This work may not be copied, distributed, displayed, published, reproduced, transmitted, modified, posted, sold, licensed, or used for commercial purposes. By downloading this file, you are agreeing to the publisher’s Terms & Conditions.

Supplement Article

Social Phobia: Etiology, Neurobiology, and Treatment

Nicholas J. Coupland

Published: January 1, 2001

Article Abstract

Social phobia is a common and often disabling condition, with an etiology that is not established.There is evidence at several levels for an interplay of biological and psychological processes in socialphobia. Genetic studies show that both genetic and environmental factors are important, with evidencepointing to associations with 2 genetic conditions, autism and fragile X syndrome. Behavioralinhibition has emerged as an important precursor to social phobia and possibly to other anxiety disorders.Epidemiologic and clinical studies have suggested that factors within the family environment,such as overprotection, overcontrol, modeling of anxiety, criticism, and in some cases abuse, can playa role in the development of social phobia. During childhood, complex interactions between brain systemdisturbances that mediate responses to negative social cues and factors in the social setting maylead to the development of a distorted set of internal “blueprints” for social behavior. The impact ofsevere social anxiety on brain systems that mediate behavioral change may prevent patients fromlearning better "blueprints." These can be taught through cognitive-behavioral therapies. The effectivecontrol of social anxiety with medications enables patients to recover; whether recovery can lastafter discontinuation of medications may depend on whether a new "blueprint" has been developedand whether stable changes in affected brain systems have occurred. Neuroimaging techniques are atthe early stage of identifying abnormalities at the neurotransmitter and systems levels.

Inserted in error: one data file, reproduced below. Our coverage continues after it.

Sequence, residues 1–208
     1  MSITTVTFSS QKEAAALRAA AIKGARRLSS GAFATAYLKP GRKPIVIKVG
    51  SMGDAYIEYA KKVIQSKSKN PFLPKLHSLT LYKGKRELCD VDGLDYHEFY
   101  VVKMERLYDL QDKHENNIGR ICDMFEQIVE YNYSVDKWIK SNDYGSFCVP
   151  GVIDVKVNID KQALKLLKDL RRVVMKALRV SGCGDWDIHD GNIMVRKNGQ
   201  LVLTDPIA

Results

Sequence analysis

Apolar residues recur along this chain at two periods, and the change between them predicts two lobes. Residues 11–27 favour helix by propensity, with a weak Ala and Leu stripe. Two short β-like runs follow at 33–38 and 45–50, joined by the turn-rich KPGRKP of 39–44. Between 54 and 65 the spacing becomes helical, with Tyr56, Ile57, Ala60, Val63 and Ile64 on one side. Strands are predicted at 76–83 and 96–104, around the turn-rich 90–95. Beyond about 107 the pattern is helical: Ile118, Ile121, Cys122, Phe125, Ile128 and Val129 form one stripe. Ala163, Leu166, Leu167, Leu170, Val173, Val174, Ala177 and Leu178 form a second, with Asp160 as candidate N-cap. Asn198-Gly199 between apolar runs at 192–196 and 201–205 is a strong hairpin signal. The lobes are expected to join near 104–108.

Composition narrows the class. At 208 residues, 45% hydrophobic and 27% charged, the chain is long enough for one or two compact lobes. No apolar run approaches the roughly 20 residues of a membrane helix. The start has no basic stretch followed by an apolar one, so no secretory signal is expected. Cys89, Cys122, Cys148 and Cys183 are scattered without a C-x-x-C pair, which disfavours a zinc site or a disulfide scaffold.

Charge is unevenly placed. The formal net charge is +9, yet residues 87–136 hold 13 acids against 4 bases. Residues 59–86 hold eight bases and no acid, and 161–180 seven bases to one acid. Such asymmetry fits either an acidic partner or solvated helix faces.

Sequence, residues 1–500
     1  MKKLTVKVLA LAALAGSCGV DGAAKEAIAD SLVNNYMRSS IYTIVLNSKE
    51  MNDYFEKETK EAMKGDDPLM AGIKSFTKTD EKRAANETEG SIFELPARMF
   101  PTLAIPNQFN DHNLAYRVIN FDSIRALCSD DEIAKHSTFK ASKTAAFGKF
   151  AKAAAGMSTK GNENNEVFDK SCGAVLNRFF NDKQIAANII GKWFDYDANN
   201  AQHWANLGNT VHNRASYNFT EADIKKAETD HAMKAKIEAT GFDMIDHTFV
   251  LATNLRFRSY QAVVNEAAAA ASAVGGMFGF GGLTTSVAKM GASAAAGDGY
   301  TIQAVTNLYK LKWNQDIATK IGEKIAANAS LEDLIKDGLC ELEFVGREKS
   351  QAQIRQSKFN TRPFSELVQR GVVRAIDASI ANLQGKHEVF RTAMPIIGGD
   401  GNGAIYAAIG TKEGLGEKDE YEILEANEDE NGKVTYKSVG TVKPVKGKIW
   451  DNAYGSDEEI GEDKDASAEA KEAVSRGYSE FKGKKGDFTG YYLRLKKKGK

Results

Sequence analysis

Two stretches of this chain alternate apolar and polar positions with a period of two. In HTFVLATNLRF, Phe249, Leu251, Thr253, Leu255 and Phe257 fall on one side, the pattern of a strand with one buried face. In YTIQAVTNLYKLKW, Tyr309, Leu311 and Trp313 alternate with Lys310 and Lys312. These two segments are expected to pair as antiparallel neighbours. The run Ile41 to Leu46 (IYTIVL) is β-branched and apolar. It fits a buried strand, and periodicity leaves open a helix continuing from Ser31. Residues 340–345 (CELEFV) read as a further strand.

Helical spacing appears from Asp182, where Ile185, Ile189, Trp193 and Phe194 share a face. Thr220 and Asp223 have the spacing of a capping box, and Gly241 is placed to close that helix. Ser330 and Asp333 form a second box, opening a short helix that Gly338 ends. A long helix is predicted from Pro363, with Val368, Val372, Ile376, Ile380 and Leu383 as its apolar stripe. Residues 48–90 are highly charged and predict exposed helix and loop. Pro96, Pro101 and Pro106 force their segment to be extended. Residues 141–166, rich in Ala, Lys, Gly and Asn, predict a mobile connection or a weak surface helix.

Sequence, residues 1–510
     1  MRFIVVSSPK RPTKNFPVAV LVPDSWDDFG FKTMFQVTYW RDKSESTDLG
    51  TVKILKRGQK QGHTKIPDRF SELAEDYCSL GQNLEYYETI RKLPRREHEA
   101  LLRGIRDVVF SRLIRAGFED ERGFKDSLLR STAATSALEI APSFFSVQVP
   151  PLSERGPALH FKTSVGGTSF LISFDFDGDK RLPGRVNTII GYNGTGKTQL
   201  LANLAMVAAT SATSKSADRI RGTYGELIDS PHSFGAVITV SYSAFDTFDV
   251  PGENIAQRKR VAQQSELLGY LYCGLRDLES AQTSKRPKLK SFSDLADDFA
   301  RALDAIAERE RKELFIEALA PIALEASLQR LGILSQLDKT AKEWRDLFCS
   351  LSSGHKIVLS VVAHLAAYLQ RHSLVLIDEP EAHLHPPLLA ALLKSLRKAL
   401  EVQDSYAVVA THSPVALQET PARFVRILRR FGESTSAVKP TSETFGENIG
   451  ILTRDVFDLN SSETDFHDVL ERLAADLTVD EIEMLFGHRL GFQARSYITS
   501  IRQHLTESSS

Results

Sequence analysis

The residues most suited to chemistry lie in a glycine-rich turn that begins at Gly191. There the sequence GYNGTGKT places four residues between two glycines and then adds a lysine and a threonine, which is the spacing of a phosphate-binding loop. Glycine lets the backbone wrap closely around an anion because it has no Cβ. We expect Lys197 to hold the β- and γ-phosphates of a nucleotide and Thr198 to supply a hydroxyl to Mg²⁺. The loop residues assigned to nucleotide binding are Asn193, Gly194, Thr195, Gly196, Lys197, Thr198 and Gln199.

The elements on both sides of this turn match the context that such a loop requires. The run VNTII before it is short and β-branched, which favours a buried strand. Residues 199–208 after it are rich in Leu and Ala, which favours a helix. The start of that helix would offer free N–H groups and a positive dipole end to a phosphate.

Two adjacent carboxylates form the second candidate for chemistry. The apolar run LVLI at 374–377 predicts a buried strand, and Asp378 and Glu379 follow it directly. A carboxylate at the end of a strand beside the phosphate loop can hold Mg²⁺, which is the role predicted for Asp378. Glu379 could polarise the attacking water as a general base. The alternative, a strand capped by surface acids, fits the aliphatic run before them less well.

Some JCP and PCC articles are available in PDF format only. Please click the PDF link at the top of this page to access the full text.

Related Articles

Volume: 62

Quick Links: